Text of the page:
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Humanity is Not a Zero Sum Game

31 May 2021
When any part of humanity wins, we all win. And when any part of humanity loses, all of humanity loses. Volumes of social research indisputably support the conclusion that all of society does better when all of society does well.
photo by miko guziuk
photo by nathan dumlao

Humanity is not a zero sum game.

The scope and messiness of human inequality is so vast that most people don't even want to try to make sense of it or even contemplate it. The easiest thing to do is to focus on the people we know and the community we identify with, and try to be a good person within that narrow context.

But we can't sit issues out, only to become concerned when (if) they finally affect us or someone close to us. Many people don't care about Covid19 — until they or someone in their family becomes terribly sick from it. Most people don't muster the energy to care about about . . .  LGBTQIA, indigenous, Black, immigrant, Asian, women, differently-abled, Jewish, Palestinian, etc. etc. rights  . . . until they become personally close to someone who bears one of those labels.

Perhaps it would be less confusing if we stopped thinking about all these things as different issues, and started thinking about them as a human issue. But to do that, we have to be willing to cope with complexity.

Instead:

Some people think if we critize police behavior, we hate police.
When really, we hate systems that produce, promote and protect BAD police (and we seriously disapprove of the bad police).

Some people think that if we say gay and trans people should have equal rights we're saying that gay and trans people should have special privileges.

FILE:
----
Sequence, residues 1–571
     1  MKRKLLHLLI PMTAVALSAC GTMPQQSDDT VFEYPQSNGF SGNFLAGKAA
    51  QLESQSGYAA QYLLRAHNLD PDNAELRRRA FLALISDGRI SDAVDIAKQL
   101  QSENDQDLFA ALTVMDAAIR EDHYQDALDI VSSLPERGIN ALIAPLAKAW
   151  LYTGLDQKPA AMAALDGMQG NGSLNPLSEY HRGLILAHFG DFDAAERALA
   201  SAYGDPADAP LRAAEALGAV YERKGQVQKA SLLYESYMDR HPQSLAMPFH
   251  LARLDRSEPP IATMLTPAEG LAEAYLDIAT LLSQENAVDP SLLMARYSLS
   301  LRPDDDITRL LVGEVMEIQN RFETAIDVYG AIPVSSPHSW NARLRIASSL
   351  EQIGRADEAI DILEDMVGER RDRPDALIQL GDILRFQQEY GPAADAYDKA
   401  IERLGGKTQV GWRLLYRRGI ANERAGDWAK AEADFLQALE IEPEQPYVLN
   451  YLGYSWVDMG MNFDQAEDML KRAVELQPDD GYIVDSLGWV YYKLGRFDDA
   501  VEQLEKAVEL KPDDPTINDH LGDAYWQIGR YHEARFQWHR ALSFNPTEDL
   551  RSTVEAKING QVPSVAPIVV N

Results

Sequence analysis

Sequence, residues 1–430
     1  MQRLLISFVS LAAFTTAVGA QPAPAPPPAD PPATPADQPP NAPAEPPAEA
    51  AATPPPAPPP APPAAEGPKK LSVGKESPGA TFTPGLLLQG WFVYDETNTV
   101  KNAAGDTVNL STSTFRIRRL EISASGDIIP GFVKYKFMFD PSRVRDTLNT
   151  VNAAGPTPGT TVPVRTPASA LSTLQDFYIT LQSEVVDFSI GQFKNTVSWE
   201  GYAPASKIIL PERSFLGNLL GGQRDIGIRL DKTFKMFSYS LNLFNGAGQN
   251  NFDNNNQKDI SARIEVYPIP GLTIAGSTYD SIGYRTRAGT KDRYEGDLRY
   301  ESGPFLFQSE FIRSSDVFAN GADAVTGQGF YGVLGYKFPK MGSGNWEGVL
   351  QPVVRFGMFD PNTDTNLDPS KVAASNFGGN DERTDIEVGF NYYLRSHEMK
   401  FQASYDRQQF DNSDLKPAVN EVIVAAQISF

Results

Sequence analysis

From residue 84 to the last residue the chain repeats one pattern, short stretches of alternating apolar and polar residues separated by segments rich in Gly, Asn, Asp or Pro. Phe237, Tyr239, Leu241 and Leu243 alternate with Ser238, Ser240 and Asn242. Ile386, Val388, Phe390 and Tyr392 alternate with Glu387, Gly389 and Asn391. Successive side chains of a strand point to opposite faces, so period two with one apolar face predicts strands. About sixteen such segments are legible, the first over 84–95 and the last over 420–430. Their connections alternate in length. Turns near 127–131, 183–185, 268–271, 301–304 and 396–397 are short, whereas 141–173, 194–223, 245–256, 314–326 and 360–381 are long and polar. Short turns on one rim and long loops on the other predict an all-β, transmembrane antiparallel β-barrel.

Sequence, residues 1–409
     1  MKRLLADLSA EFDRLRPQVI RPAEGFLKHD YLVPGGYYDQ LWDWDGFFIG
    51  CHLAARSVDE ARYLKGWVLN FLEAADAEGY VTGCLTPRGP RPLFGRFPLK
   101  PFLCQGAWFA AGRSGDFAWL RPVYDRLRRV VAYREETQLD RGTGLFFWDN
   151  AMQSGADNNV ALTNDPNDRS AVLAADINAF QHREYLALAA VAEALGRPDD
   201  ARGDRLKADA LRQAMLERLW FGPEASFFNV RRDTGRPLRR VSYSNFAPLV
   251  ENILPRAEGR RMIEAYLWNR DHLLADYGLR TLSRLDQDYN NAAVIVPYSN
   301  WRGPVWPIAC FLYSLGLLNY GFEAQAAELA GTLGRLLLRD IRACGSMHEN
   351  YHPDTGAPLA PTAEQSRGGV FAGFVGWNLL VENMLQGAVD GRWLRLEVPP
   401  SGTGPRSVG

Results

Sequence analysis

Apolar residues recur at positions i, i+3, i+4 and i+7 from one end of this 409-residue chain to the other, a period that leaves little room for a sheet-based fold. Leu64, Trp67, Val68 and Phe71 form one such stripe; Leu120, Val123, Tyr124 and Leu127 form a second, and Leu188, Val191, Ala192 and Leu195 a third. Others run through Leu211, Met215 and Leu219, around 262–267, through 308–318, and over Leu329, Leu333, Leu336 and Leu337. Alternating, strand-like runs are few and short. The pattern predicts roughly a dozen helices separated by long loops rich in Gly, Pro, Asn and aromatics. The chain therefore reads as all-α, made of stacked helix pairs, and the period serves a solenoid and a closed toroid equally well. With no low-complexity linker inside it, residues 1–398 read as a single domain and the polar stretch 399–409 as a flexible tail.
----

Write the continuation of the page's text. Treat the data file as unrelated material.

When really, they should just be able to access all the same privileges straight people have, and shouldn't be subjected to discriminatory rules.

Some people think that if we say Black Lives Matter, we're saying Black lives matter more than White lives.
When really, we're saying that we should finally start acting as if Black lives matter too — that they matter as much as White lives.

Some people think that fighting for voting rights is somehow making their vote count less.
When really, we're only saying that all votes should count equally and that all votes should be equally easy to cast.

Some people think you can't be supportive of and concerned about Palestinians if you are also supportive of and concerned about Jews - or vice-versa.
When really, the geopolitical nightmare that is the Middle East shouldn't be used as an excuse to disregard the human rights of anyone.

Some people think that talking about gun reform is an excuse to take away their guns.
When really, we're very concerned about the rights of everyone else to not get shot.

Some people think that if abortion is legal, then every woman will run out and get an abortion whenever she feels like it (which no statistic has ever supported).
When really, most women consider an abortion the last thing in the world they would choose. But they should be respected enough to choose when it comes to the the most intimate details of their own bodies, economic security, and ability to live their lives.

Some people pick and choose which causes to support. There are those who are loud and proud about Stop Asian Hate, but silent about Black Lives Matter. There are some who are invested in Gay Rights, but don't care about Indigenous Rights.

How is it still possible that people have a hard time deciding which humans to care about?

I don't think people actually believe any of the excuses I offered above. They're just that. Excuses. Because within every tribe in our society there are people who only care about their own tribe. It's much easier to believe that my belief system or way to live is the right belief system and way to live, than to embrace the idea that different belief systems can be equally and simultaneously right

How the Rules of Belonging Hurt Humanity

Humanity isn't a zero sum game, which is the idea that in order for one person to win, another must lose. 

But we have a habit of acting like it is. We break everything down into winners and losers. We behave that way in everything; family money disputes, jobs, NIMBY initiatives, financial markets, civil wars, international wars, and now even global pandemics.

Instead, when any part of humanity wins, we all win. And when any part of humanity loses, all of humanity loses. Volumes of social research indisputably support the conclusion that all of society does better when all of society does well.

It all matters. We all matter. We all matter to each other. 

Even when we can't see it. Perhaps especially when we can't see it.

 

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